Proper nutrition is essential to the health and performance of any athlete. As many young athletes start new training programs, their coaches and trainers nutritional strategies to ensure their athletes are properly fueled.
Coaches, trainers, and athletes alike can benefit from better understanding the role of nutrition in maximizing performance, reducing injury risk, and aiding healing and recovery. This was the focus of our recent sports nutrition roundtable, hosted by Concordia University Chicago as part of the Return to Play webinar series.
The free series brought together experts in sports science, athletic training, and nutrition to share evidence-based strategies for coaches, trainers, and athletes to use as they return to competition post-pandemic.
Recordings are available via the Return to Play website.
The nutrition strategies roundtable was hosted by two expert sports dieticians:
- Tavis Piattoly, MS, RN, LDN has over 15 years of experience as a sports dietician working with athletes from high school to professional level. He consults on diet and nutrition for numerous organizations and is also the co-founder and Director of Sports Nutrition Education for My Sports Dietitian.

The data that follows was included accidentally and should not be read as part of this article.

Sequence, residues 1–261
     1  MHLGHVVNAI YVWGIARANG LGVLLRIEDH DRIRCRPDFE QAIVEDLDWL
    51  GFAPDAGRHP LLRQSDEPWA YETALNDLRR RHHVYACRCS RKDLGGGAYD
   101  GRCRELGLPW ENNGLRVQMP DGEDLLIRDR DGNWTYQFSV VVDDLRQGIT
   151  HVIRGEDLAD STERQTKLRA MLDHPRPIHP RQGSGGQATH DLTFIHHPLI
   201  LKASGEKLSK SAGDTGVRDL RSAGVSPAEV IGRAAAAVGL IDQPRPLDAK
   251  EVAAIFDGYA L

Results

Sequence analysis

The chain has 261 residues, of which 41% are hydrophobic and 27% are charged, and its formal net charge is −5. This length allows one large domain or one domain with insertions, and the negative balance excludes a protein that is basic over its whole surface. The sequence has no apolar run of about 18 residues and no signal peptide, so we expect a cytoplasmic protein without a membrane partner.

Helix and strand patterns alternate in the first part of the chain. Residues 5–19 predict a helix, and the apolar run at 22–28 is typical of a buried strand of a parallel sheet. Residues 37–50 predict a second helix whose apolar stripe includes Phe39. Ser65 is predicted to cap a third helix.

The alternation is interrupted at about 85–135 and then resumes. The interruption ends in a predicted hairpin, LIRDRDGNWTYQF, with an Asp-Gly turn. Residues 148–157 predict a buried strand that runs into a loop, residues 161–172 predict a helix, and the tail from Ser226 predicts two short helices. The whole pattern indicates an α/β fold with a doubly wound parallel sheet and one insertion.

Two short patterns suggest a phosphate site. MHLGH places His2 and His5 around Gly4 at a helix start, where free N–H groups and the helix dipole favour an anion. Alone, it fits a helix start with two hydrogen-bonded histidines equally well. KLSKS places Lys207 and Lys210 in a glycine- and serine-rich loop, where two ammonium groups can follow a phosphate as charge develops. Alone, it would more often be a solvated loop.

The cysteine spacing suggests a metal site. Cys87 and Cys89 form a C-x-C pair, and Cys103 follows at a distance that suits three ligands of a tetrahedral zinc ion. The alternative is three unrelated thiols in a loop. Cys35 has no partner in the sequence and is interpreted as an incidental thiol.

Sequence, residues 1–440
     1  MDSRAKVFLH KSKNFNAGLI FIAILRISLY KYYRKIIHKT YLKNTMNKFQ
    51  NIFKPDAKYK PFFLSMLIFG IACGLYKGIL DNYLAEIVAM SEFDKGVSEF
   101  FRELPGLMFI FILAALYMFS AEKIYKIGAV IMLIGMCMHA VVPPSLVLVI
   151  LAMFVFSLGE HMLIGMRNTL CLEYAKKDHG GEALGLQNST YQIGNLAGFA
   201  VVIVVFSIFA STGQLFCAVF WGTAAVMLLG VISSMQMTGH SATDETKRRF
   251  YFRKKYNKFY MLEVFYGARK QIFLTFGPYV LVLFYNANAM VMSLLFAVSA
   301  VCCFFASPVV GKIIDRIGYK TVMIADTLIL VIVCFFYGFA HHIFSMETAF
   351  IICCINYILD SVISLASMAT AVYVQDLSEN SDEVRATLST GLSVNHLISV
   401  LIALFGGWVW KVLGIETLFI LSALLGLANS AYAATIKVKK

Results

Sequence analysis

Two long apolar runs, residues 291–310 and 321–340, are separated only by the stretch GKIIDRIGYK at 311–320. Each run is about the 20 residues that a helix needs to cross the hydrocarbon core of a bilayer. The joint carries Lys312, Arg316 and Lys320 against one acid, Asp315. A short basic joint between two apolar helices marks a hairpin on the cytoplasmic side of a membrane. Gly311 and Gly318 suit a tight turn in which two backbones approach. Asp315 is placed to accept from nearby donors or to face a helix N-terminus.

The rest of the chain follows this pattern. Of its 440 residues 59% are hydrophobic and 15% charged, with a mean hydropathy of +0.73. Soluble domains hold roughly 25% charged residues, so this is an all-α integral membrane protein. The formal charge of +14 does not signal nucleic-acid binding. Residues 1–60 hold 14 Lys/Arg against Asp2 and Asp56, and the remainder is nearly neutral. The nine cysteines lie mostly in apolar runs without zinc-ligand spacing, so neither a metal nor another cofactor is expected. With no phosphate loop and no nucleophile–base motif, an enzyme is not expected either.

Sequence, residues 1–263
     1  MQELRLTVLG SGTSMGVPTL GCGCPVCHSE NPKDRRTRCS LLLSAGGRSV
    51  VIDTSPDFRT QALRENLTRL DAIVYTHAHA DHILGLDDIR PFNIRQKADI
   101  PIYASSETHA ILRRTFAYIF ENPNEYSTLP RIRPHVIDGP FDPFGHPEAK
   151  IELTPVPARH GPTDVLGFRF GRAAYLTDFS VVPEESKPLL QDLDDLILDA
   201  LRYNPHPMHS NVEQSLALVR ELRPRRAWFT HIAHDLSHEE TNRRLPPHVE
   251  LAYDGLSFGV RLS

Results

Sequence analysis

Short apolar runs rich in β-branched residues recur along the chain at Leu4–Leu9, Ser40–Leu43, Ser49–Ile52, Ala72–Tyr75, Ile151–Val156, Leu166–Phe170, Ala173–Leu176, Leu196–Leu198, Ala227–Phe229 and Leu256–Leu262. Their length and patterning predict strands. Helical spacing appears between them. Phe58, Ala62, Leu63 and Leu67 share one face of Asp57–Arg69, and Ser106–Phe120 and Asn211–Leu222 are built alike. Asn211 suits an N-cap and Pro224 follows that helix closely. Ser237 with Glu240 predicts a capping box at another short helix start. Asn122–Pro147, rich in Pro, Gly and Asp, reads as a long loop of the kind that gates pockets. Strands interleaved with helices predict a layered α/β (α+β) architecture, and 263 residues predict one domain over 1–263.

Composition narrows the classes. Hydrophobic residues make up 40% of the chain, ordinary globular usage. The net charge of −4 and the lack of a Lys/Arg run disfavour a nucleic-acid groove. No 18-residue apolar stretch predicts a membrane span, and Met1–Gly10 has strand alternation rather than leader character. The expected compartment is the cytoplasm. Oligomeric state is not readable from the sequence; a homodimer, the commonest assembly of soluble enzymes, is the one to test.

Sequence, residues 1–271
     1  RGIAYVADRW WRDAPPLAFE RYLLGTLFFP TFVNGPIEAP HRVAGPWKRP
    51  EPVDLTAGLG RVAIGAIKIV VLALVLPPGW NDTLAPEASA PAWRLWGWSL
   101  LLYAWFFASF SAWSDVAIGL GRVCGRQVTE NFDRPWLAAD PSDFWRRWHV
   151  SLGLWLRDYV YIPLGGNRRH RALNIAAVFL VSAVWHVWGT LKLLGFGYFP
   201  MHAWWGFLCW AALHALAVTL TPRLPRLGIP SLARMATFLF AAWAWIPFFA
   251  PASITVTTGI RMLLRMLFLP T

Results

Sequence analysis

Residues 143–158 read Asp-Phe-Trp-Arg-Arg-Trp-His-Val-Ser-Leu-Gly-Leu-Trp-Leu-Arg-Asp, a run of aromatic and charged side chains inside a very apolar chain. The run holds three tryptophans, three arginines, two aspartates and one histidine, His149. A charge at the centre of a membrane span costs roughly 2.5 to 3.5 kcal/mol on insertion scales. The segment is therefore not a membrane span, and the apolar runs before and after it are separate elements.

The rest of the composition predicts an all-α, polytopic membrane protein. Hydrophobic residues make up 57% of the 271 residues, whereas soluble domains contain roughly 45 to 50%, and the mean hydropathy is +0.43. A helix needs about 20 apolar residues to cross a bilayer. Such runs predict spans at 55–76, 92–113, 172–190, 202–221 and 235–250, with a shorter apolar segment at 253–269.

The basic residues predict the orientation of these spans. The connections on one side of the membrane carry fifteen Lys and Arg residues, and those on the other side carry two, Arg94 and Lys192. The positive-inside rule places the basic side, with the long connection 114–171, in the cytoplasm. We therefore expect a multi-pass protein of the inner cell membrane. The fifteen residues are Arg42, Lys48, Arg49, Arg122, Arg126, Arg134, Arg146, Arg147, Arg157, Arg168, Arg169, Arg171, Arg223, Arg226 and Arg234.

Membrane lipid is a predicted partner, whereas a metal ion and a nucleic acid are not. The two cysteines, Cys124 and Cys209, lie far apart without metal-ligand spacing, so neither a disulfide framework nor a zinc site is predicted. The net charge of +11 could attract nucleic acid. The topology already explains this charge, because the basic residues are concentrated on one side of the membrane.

- Joanne Villaflor, MS, RDN, CSSD, LD is a sports dietician who specializes in tactical performance enhancement for the military. She is an active member of the Collegiate & Professional Sports Dietitians Association (CPSDA) and the Professionals in Nutrition for Exercise and Sport (PINES).
Both are faculty in Concordia University Chicago’s Master of Science in Applied Exercise Science, which offers a range of programs to help coaches, trainers, nutritionists, and other sports professionals get the qualifications they need to take the next step in their careers.